Tuesday, July 04, 2017

"The Long Haul, a trucker's tales of life on the road"

This is a first book by Finn Murphy, who has been a long haul moving van trucker for many years.  At a little more than 200 pages and no deep content it is a quick read, and has its moments.  At times the thought occurred that maybe Murphy or his publisher looked at the amazing success of the thoughtful but somewhat pretentious "Hillbilly Elegy" and thought why not have another educated guy write a book about the working class life who actually dedicated to doing that work.

Murphy's "The Long Haul" does not dwell on a theme but puts down the tracks to consider the perspective of that life.  He writes "I had brilliantly managed to select a career where frustration was the norm...I had been angry so long I didn't know how to feel any other way".  As an aside he notes, "they say a well-balanced Irishman is a man with a chip on both shoulders."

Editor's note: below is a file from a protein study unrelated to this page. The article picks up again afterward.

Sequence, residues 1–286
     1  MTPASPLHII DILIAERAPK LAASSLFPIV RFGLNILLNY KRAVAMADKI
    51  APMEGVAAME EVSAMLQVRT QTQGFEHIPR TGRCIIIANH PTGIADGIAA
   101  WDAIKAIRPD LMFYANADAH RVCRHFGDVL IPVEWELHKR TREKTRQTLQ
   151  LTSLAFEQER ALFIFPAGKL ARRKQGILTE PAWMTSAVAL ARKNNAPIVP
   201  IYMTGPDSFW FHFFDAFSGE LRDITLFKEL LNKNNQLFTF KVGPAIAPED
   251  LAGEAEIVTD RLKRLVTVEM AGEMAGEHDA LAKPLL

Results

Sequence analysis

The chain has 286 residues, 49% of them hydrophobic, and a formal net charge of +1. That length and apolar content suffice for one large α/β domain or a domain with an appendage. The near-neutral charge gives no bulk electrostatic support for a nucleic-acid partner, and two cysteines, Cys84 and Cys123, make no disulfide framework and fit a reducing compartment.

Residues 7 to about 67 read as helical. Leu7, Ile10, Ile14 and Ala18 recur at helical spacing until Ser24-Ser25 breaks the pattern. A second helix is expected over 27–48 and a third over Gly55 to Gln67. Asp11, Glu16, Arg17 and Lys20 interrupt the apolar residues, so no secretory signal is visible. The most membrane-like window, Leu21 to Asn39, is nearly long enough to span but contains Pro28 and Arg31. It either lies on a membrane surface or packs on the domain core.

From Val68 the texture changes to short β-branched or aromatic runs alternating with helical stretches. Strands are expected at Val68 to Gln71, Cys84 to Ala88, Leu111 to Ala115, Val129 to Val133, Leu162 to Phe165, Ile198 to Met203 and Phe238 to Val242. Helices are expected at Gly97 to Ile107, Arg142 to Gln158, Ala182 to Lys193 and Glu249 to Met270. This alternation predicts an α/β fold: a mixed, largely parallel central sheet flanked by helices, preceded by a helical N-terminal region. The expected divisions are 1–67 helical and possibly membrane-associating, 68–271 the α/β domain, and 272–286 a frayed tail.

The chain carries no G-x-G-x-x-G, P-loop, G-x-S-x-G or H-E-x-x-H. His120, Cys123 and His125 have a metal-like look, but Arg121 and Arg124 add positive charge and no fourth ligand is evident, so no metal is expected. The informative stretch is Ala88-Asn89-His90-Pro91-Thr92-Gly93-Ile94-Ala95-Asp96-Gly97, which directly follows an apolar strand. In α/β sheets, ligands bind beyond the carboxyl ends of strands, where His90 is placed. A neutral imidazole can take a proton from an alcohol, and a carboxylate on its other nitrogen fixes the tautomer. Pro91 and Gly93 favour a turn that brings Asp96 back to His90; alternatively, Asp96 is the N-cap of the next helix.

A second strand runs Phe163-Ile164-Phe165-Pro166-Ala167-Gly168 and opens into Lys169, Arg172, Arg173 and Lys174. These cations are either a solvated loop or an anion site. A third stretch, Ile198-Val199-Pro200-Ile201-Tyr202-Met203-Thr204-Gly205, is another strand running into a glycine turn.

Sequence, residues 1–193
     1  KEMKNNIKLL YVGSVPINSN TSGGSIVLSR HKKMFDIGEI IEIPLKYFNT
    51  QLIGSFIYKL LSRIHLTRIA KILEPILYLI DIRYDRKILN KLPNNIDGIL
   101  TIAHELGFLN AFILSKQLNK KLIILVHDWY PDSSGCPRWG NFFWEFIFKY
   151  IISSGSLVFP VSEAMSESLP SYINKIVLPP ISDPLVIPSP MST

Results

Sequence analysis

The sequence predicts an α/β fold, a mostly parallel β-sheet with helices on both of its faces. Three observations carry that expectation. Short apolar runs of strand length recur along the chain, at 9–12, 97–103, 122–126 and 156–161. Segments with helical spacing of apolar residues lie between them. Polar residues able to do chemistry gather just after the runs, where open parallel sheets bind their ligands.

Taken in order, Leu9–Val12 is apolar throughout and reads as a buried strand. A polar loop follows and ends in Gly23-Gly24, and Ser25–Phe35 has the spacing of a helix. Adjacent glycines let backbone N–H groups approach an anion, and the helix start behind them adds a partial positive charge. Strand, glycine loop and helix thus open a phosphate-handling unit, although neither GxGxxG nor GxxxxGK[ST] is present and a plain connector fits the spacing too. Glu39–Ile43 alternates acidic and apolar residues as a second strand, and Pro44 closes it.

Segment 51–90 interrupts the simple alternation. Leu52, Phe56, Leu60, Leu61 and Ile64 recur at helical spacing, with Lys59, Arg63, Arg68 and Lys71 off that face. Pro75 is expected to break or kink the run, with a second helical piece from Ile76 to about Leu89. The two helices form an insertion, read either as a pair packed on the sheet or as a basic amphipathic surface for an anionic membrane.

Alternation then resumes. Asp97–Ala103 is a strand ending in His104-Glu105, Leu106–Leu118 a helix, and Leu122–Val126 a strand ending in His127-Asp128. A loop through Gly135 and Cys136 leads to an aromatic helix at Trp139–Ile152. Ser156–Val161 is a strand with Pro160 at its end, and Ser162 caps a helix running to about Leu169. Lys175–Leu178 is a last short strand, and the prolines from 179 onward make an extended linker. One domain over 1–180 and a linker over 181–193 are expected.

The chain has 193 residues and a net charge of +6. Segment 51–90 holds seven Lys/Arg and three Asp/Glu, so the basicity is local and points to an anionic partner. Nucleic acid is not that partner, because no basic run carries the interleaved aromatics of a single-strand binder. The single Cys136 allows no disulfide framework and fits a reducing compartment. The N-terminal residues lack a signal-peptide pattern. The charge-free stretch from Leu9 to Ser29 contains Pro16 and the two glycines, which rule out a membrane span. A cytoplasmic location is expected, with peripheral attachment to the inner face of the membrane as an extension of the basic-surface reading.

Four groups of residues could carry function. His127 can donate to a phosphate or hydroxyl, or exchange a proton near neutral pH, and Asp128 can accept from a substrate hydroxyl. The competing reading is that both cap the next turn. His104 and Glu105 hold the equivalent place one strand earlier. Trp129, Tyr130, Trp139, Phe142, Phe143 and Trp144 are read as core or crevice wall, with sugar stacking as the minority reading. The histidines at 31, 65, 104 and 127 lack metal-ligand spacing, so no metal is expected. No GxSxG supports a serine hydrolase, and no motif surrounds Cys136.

In fact, Murphy enjoys the trucking life yet he doesn't subscribe to what he views as the generally accepted reputation of the profession.  "I'm dispatching a  couple guys from fucking Saskatchewan and they talk like the Dukes of Hazzard.  What is that?" says one character.  He follows saying, "They're perpetuating a myth... a way of looking at the world that doesn't exist, never did exist..."

That's one aspect of the book that is interesting but is by no means brow beaten into the reader. Overall the book is primarily a look at the life of the people who drive those huge trucks on the interstates, smaller highways, towns, and anywhere that someone is moving.  It is an unusual topic that mostly works.


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